Just a little more than a week after a senior official at the Cheddi Jagan International Airport (CJIA) embroiled in sexual assault allegations was suspended, pending a police investigation, he is back on the job. However, strangely enough, the security clearance of his female accuser who worked at a duty free concessionaire at the airport has not been approved for her to return to work.
This latest development would raise more questions about the airport’s position on the matter.
The issue is reportedly being investigated by the police, with a picket exercise even being held Thursday in front of the Ministry of Social Protection.
On Thursday also, airport sources indicated that the senior official was back on the job. The female accuser yesterday said she remains at home and has not been asked to return to work at the airport. Her employer has offered for her to work in the city offices, but the traumatised woman, in her 30s, asked for some time off.
Yesterday, Alex Graham, a public relations representative for CJIA, confirmed that the senior official was back on the job since Thursday.
He said that at this time, there is an active police investigation and the airport’s management would not be commenting on the woman’s security clearance or any other issues relating to it.
The answers would be strange, as it was the woman who filed the police report last week, sparking awareness of the sexual harassment at work places.
Until now, the matter has not gathered much attention.
The Ministry of Social Protection is reportedly entering the fray now. It wants to know why the airport failed to officially write the woman’s employer telling them the reasons for withdrawing the woman’s security pass. Even if the woman’s pass was withdrawn and the airport official placed on suspension, it would have been understandable.
“So you have an alleged victim who filed a police complaint after the airport management dragged its feet on the matter, and you retaliate by taking away her security clearance? We intend to take up this matter,” a Ministry of Social Protection official said yesterday.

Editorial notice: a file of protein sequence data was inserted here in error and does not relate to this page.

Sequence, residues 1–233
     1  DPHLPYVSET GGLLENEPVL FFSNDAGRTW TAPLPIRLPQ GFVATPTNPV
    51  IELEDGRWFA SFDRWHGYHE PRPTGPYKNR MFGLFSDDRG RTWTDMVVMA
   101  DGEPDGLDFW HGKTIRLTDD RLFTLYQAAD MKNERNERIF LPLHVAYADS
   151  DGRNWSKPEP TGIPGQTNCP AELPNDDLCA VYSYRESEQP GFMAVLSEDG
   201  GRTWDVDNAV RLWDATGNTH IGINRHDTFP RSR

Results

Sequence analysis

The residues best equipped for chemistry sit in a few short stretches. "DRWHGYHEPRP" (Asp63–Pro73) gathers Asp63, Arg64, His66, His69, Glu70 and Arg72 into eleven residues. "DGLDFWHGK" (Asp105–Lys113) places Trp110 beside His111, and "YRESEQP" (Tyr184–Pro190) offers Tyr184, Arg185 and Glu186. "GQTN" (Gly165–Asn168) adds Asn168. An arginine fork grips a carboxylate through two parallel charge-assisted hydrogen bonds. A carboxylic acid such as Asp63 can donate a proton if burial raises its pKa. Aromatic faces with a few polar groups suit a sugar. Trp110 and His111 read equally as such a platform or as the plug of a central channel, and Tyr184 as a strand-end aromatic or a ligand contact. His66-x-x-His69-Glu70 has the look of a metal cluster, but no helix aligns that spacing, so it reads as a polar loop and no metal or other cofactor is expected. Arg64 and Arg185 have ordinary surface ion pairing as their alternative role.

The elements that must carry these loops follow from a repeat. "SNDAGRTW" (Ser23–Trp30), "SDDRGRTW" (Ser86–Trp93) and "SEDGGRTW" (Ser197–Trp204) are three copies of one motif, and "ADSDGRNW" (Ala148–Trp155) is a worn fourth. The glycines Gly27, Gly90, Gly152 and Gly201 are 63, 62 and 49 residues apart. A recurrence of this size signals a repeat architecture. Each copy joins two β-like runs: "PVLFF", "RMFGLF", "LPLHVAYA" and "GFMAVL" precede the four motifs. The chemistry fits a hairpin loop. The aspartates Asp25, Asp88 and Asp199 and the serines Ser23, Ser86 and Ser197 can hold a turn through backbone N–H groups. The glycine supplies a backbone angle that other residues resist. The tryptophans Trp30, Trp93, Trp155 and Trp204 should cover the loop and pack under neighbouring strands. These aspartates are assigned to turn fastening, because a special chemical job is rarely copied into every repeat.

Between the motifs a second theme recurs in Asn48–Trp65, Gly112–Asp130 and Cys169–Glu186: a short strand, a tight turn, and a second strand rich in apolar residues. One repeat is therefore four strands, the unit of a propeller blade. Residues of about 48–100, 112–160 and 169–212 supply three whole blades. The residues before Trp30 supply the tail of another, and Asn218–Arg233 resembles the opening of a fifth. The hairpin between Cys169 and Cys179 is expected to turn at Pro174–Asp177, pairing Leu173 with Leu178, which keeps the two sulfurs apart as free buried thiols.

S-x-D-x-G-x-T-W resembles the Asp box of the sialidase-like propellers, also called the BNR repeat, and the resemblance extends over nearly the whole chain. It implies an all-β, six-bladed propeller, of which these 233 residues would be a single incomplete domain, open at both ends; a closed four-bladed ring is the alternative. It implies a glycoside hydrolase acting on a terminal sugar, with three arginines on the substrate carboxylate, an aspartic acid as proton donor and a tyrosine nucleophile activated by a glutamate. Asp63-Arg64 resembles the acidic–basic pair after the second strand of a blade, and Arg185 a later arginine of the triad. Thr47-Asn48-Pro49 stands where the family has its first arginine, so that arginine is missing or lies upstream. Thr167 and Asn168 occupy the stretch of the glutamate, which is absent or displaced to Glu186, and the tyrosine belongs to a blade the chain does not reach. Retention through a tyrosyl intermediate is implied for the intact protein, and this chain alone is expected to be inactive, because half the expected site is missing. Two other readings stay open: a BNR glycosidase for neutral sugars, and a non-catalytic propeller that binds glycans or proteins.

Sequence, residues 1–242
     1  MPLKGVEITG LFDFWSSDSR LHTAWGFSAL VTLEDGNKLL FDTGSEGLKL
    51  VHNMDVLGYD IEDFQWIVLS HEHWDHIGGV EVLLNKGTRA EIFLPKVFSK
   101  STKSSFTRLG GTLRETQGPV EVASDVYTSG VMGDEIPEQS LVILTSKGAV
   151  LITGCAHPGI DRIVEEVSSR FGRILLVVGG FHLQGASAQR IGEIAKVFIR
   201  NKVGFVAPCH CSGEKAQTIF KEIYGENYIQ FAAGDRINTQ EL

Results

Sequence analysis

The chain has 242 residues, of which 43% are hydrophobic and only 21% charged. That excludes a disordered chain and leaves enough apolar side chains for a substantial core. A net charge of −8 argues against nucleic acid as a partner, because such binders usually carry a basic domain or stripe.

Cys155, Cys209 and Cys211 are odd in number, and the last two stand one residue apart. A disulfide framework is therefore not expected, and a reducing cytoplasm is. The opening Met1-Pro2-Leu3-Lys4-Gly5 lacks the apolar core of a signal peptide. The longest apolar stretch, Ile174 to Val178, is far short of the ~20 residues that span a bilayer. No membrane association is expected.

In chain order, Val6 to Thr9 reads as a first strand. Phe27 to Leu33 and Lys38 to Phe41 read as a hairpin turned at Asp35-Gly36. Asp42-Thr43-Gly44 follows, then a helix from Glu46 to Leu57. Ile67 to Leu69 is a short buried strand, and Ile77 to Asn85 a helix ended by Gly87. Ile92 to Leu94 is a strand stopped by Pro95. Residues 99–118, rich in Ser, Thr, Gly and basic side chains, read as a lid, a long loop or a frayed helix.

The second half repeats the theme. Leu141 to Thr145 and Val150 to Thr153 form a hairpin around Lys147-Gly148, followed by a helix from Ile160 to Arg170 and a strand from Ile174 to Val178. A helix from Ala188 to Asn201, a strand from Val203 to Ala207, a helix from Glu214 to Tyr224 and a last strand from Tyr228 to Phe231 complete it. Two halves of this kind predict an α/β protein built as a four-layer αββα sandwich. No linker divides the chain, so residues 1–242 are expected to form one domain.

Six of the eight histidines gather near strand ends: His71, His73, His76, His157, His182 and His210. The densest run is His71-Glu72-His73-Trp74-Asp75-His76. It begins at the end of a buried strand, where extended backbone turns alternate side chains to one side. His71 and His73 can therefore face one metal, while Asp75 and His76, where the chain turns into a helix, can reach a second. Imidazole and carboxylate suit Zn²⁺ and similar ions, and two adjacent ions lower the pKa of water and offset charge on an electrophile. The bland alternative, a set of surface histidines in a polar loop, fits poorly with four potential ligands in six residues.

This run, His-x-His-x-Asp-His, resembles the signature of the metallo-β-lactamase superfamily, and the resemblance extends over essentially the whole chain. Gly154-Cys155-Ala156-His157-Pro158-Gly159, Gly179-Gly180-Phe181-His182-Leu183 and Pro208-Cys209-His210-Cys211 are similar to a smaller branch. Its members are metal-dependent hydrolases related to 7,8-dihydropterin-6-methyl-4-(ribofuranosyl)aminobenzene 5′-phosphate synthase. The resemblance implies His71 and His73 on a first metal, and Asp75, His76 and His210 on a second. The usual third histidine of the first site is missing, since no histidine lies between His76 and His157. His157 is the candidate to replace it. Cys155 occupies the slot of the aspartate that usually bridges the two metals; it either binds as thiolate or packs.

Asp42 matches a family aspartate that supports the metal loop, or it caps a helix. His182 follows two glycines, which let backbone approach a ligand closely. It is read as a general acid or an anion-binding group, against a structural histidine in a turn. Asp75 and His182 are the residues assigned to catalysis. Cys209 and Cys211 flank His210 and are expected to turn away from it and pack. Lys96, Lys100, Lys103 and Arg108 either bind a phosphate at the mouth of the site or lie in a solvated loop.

The airport came under the spotlight a few weeks ago after the woman complained that the senior official allegedly held her and kissed her twice in his office after she visited him on an issue. The alleged incident took place July month-end, last year.
She complained the next day to CJIA’s head, Ramesh Ghir, about the alleged sexual assault.
Ghir promised to look into the matter. The police were not summoned, in what should have been an automatic criminal investigation.
For several months, the woman did not hear anything. She reportedly demanded an answer and it was only a few weeks ago she received the courtesy of a text message telling her that the matter was being addressed. She was not given details.
After the matter came to light, the woman filed a police complaint about two weeks ago. She was called to the airport the next day where security officers took away her pass and escorted her off the premises.
Since then, another woman came forward accusing a very senior official of inappropriately touching her in his office in 2012 and promising her gifts and help in getting her a US visa if she had relations with him.
There are other women who said they are preparing to come forward.
The airport’s Board of Directors took days before it issued a statement last Sunday.
The Board said it has initiated steps to immediately tackle the issue of sexual harassment and assault in the workplace.
“The interventions reflect the Board’s deep concern about the allegations of sexual misconduct recently published in the news media. The CJIA Board condemns any behaviour, which creates an unsafe environment for staff, concessionaires, contractors, suppliers and passengers using CJIA. The Board is fully committed to ensuring that the CJIA is a safe workplace for all, especially women and other vulnerable social groups.”
The Board also said it has called for an immediate review of all policies, protocols, regulations, and practices that govern conduct and engagements in the workplace, and has taken steps to hire external consultants and specialists to conduct the reviews.
“The Board wishes to assure the public that all allegations of improper conduct will be taken seriously and there will be prompt investigations. The Board will ensure that there is follow through on any investigations that are conducted, and any allegation that is found to be credible will result in the immediate appropriate action.”
The CJIA Board said it expects to have the external human resource management and gender affairs consultants in place by the end of this month.
Reportedly, the police file has not been completed and has not been sent for legal advice.
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